Many Hands Make Light Work for Trees Forever

Published: August 8, 2014 | By: Greater Cedar Rapids Community Foundation | Category:

Many Hands Make Light Work for Trees Forever

Since 1989, Trees Forever has been planting and caring for trees and the environment and building community in and around Iowa and Illinois. In their 25-year history, Trees Forever has planted more than 49,000 trees and seedlings in Cedar Rapids and other Linn County communities alone.


Grants in the past from the Community Foundation have assisted Trees Forever in a number of ways. They have received organizational development funds to upgrade the Trees Forever website. They also maintain several funds, including memorial and endowment funds at the Community Foundation.


Recently, a grant from the Program Fund at the Community Foundation, along with support from the Diamond V Donor-Advised Fund, has supported Trees Forever’s TreeKeepers program.  “The TreeKeepers program is a training and volunteer engagement effort that empowers volunteers to help plant and care for young trees and woodlands in Linn County communities,” said Trees Forever Founder and President Shannon Ramsay.


“We believe in the idea that ‘many hands make light work’ and with TreeKeepers we know that each year, more and more trees and woodlands will be cared for, maintained, and planted.”


Trees Forever TreeKeepers are trained in tree identification, tree planting, care of young trees, and woodland invasive species identification and management.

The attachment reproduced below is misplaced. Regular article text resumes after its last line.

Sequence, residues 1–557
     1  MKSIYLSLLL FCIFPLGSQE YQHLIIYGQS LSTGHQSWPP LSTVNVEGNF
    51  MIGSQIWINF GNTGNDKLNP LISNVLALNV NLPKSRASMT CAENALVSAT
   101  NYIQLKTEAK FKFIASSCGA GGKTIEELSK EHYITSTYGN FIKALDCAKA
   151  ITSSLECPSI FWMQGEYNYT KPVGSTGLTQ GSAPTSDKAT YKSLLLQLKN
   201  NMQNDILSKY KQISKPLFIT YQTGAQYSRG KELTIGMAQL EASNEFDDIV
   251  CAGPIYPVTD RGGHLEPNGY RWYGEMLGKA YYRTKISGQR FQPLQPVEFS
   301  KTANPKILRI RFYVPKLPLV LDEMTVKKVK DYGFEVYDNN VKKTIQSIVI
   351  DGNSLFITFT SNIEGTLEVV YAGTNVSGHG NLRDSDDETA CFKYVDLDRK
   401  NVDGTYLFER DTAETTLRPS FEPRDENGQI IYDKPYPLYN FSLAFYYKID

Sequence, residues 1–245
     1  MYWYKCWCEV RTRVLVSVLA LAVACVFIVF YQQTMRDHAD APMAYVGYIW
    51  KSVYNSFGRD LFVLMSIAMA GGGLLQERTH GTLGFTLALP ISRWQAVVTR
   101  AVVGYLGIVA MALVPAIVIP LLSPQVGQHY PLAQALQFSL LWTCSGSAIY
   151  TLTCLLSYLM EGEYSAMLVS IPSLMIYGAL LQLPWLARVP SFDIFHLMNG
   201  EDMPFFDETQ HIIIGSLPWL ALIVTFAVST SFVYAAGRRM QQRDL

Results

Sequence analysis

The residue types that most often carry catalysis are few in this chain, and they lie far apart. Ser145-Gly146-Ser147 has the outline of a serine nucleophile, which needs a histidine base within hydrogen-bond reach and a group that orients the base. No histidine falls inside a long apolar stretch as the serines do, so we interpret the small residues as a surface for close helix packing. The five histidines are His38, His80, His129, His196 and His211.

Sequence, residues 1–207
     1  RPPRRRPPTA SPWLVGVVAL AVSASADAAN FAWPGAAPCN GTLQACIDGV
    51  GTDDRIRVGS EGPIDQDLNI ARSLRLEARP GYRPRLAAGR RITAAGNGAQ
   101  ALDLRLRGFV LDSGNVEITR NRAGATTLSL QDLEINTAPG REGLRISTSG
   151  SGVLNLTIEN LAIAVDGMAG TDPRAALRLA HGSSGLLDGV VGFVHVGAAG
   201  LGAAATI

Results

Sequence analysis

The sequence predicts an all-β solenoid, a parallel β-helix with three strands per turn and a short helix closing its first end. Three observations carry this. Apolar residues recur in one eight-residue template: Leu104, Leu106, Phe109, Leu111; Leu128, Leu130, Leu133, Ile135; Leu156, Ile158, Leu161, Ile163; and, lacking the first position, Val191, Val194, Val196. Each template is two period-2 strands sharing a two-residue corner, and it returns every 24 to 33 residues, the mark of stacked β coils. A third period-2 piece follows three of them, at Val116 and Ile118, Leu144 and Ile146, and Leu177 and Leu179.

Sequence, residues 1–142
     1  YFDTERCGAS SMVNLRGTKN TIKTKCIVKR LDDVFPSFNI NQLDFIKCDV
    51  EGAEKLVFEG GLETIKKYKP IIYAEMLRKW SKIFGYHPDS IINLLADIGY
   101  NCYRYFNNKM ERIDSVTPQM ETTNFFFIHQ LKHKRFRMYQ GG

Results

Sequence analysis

TreeKeeper graduates are expected to volunteer at least ten hours of service in the Linn County area to plant and care for trees and woodlands.


Todd Fagan, Cedar Rapids City Arborist, who is among the teachers for the TreeKeepers classes, said, “It’s great to have volunteers to help with pruning, mulching and assisting in multiple ways with our public trees – whether in parks, along streets, or with public buildings. We appreciate the help.”


According to Ramsay, the program has been very successful thus far. “We have trained 88 people in the Corridor since it was launched just two and a half years ago.”


Community Foundation Program Officer Elizabeth Cwik said it’s exciting to be a supporter of such environmental efforts that impact the greater community. “A vibrant community results in large part from the strength of its civic, cultural and environmental amenities,” she said. “The Foundation combines funds designated for environmental efforts with funds held in the general endowment to enhance the rich natural assets that we all may benefit and learn from.”

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